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Education Secretary Pledges To Do "Everything In My Power" To Keep Schools Open As Covid Cases Rise

Nadhim Zahawi said the previous decision to close schools was a "mistake"

4 min read

Nadhim Zahawi has said it was a "mistake" to close schools in response to Covid because of the impact on children's education and mental health.

The Education Secretary has insisted he will resist any efforts to close schools despite rising Covid infections meaning around 200,000 pupils are currently absent from classrooms because of infections.

Speaking on Sunday, Zahawi said the Prime Minister "absolutely agrees" with his ambition to keep pupils in school, saying the closures ordered by his predecessor, Gavin Williamson, were a "mistake".

"The truth is the closure of schools, when I reflect on that, was a mistake and I am on record as saying that," he told Sky's Sophy Ridge.

"I will do everything in my power never again to close schools and the Prime Minister absolutely agrees with me because not just the learning loss, but the mental strain, the anxiety."

But he refused to criticise Williamson for closing schools and cancelling exams for hundreds of thousands of pupils at the height of the pandemic, saying he had "very little choice" but to take the step.

He added: "If you look at what the Children's Commissioner has done on surveying half-a-million children, they said they really wanted to be back at school.

"I was at Totteridge Academy last week, and the children said to me the worst thing that happened to us was being at home and having to learn at home."

Zahawi said that around 99.9% of schools in England were now open, but admitted around 9% of teachers and support staff were off absent due to Covid, while around 200,000 pupils were currently absent because of the infection."We have to keep a very close eye on infection rates in the education system, around 9% of teachers and support staff are absent with schools partly because of Covid. The best way we protect the country as we transition from pandemic to endemic is through vaccination."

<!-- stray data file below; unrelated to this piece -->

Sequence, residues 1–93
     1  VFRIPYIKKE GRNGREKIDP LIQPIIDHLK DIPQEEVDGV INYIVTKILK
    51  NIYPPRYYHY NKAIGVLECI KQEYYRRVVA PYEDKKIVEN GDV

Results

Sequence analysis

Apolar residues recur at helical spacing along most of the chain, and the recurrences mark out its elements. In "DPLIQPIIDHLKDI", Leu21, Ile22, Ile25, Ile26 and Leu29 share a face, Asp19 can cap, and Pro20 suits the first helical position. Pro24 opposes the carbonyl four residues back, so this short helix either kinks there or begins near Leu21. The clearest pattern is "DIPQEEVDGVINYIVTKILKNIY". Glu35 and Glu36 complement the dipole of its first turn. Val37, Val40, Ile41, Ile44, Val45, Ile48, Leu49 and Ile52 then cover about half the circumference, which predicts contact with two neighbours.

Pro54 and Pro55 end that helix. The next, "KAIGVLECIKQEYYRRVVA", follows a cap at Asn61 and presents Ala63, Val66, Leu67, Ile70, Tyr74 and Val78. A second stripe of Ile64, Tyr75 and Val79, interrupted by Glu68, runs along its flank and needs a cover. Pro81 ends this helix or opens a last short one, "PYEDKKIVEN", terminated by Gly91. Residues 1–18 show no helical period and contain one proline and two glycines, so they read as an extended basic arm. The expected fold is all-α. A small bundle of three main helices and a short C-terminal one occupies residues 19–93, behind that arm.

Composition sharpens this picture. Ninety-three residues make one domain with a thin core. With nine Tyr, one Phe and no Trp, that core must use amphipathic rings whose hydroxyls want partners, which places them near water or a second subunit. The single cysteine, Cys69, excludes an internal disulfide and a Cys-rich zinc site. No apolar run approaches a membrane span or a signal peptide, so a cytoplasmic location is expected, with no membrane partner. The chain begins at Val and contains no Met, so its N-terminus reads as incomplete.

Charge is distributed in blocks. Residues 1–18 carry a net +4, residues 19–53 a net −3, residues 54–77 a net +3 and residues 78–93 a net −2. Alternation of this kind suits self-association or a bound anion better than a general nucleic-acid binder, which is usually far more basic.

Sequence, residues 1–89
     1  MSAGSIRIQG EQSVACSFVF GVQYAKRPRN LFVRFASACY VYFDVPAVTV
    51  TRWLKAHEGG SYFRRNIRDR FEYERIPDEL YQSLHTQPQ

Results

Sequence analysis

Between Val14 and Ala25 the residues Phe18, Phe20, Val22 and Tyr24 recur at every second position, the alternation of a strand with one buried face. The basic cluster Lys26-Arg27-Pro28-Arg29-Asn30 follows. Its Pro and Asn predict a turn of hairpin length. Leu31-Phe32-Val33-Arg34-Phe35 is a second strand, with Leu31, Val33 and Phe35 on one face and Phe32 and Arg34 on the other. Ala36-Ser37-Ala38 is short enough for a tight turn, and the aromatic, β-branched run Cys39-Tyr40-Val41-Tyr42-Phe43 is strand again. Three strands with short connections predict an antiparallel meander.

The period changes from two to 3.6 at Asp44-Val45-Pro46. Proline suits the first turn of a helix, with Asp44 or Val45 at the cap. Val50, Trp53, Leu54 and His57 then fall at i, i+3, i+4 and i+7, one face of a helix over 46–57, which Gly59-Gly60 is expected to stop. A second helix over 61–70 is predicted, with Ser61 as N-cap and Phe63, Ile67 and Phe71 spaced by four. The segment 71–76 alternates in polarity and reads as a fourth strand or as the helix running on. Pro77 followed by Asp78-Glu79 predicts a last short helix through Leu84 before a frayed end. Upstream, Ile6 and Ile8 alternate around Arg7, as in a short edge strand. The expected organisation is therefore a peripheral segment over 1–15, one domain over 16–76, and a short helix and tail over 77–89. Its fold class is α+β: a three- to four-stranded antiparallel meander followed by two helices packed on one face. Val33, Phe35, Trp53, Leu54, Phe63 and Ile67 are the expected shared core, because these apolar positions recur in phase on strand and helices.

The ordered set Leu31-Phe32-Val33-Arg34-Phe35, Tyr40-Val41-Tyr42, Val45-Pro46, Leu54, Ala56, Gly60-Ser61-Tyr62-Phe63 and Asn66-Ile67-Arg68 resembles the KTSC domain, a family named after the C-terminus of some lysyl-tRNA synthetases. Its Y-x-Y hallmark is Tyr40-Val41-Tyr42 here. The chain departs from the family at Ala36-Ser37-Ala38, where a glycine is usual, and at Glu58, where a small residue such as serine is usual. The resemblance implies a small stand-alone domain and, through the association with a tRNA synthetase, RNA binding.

"I continue to work with the sector, the frontline, to make sure we continue to keep an eye on what is happening. The great news is, and this is because of teachers and support staff, is 99.9% of schools are open."

He added: "Around 200,000 school children are off school. It has ticked up a little bit because infection rates are high, but we have, if not broken, we have weakened the link between infections rates and severe infection and hospitalisation because of the vaccination."

But he refused to rule out whether further testing could be introduced in schools when the wider free testing scheme comes to an end in April, saying they would "outline the policies" this week.

As part of plans to improve education after the pandemic, around 3,500 schools in England will be told to extend their hours as part of a new white paper set to be published by ministers on Monday.

According to the Sunday Times, Zawahi will announce that all schools will be expected to offer pupils at least 32.5 hours-a-week of teaching by September 2023.

The Education Secretary said the changes to schools would help "transform the fortunes of young people in our country who may not want to go to university."

He said he would be in favour of the upcoming inquiry into the response to the pandemic being expanded to include a focus on schools, saying the inquiry team were still "consulting" on which topics to include.

"I certainly think a focus on the impact on children, especially on their mental well being and of course the educational outcomes is really important," he told the BBC.

"They are consulting on the draft terms of reference ... I think it is important to learn the lessons.

"As Secretary of State for Education, I can tell you the evidence on both the impact on education and health and wellbeing has been substantial which is why I said it was a mistake we closed schools and we have to learn from those mistakes."

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